Q: I have just finished 4 weeks of LE therapy and my therapist has told me I will need to do things at home for my lymphedema. Is this a usual practice? Why do I need to do things at home? I don't have time to spend on this everyday. This is frustrating. I thought I was finished with treatment.
A: I can understand your sense of A: frustration; however, your therapist's suggestion is very important and is the key to maintaining and further improving your swelling. Because we cannot repair the underlying lymphatic deficiency, which has resulted in your development of lymphedema, self-management over time is very important. Your body is continually producing lymph fluid as a normal process. Consequently, ongoing self-maintenance is necessary to minimize the accumulation of excessive lymph fluid in a particular body part, and to assist with lymph flow and lymph drainage to alternative lymph node basins. Each individual's self-management program should be tailored to his/her needs. Typically, self-management programs include the components of CDT: skin care, self-MLD, use of compression (compression garments and bandaging) and lymphedema exercise. While this may seem overwhelming at first, I am sure your LE therapist will work with you to develop a plan which you can incorporate into your daily routine. Staying with a home management program will help to maintain and possibly further improve your LE reduction over time.
Q: I had LE treatment six years ago for my legs. I wear compression stockings everyday and bandage every other nighttime to sleep. Recently, my legs have begun to get bigger. Can you tell me why this is happening?
A: Before I am able to give you advice about this, I would ask that you see your physician to make sure there is not a medical reason apart from your underlying lymphedema which is causing the increase in your leg swelling. Once you have seen your doctor, if there is no new medical cause for this occurrence, I would suggest that you make an appointment with your lymphedema therapist for follow up. Your home management routine may need to be modified or you may need a new set of bandages and garments. Usually, bandages and garments need to be replaced every 6 months. Both the bandages and the garments tend to stretch out over time and lose their effectiveness. If your legs have increased in size, you should be remeasured for your garments or you may need a repeat course of lymphedema therapy to reduce your swelling before being re-measured. Poorly fitting compression garments (either too small or too big) will not effectively control the LE.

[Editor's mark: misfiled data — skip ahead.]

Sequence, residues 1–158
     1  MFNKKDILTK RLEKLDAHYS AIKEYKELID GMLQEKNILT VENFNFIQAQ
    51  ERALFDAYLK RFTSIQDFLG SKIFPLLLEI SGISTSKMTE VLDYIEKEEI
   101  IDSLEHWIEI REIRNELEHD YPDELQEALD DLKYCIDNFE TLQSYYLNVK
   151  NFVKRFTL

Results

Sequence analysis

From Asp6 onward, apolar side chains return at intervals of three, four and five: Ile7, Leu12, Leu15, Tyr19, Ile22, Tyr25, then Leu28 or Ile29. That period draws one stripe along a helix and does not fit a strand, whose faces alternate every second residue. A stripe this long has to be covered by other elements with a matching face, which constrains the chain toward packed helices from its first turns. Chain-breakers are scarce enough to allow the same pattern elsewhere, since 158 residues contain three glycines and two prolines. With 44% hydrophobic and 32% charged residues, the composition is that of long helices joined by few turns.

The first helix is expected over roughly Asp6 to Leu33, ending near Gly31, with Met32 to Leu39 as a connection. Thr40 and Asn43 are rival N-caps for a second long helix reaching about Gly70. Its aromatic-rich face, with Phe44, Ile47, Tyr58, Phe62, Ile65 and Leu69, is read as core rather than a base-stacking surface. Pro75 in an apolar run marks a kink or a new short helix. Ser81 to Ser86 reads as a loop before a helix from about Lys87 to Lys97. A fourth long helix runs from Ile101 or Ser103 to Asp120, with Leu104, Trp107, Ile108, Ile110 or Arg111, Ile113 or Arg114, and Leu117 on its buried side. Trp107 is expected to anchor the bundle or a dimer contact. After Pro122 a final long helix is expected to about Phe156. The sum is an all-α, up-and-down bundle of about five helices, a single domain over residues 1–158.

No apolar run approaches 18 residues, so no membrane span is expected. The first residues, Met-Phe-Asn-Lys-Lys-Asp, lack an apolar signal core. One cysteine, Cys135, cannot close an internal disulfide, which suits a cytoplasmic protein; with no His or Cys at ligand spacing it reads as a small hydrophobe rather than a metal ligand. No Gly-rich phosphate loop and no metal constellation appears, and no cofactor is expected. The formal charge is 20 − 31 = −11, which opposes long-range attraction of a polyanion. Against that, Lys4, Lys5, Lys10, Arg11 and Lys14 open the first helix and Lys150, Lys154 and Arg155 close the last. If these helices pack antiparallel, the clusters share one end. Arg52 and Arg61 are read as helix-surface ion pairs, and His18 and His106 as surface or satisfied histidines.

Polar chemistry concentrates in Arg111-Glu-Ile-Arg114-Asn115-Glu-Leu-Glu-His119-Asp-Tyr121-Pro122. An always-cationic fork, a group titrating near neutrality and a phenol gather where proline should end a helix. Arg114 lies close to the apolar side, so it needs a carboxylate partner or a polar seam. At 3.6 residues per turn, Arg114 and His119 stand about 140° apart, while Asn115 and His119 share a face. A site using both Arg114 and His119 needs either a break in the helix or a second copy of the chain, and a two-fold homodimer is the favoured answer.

Q: My therapist has asked me to make follow up appointments even though I am on a self-management program. I am doing okay on my own; do I need to go for additional visits?
A: You did not mention if you had just completed LE therapy. If so, it is quite reasonable for your therapist to ask you to come back for follow-up visits. Successful home management is the key to long-term LE control. Your therapist will want to see you after completion of the intensive program (Phase I) to monitor how your swelling is reacting to the reduction in therapy visits, and to possibly modify your home management program for maximum results. Quite often, slight alterations to the home management program are needed and additional education may also be needed to assist you in knowing how to adjust your home routine based upon the response of your swelling.
If it has been several months since your last therapy visit, your therapist may ask you to come in for a re-visit. Typically, this is scheduled when it is time for you to receive new compression garments. At times, adjustments to the garment (style and/or size) may be needed to maintain your lymphedema control adequately.
Q: I try to do my own self-MLD every day, but sometimes I fall asleep. Is it a problem if I miss a day?
A: Many lymphedema clinicians believe that daily self-MLD is optimal to enhance lymphatic return. However, if you miss a day here and there, please don't become overly concerned. Try to do the best that you can. Pick a portion of the day without interruptions when you can devote the time necessary and not be so tired that you fall asleep. If you have limited availability on a given day, focus on the key points for your condition, typically the proximal (trunk) components are important for the lymph fluid to drain centrally back to your heart and circulatory system. If you need assistance with modifying your self-MLD, your lymphedema therapist should be able to assist you with these changes.
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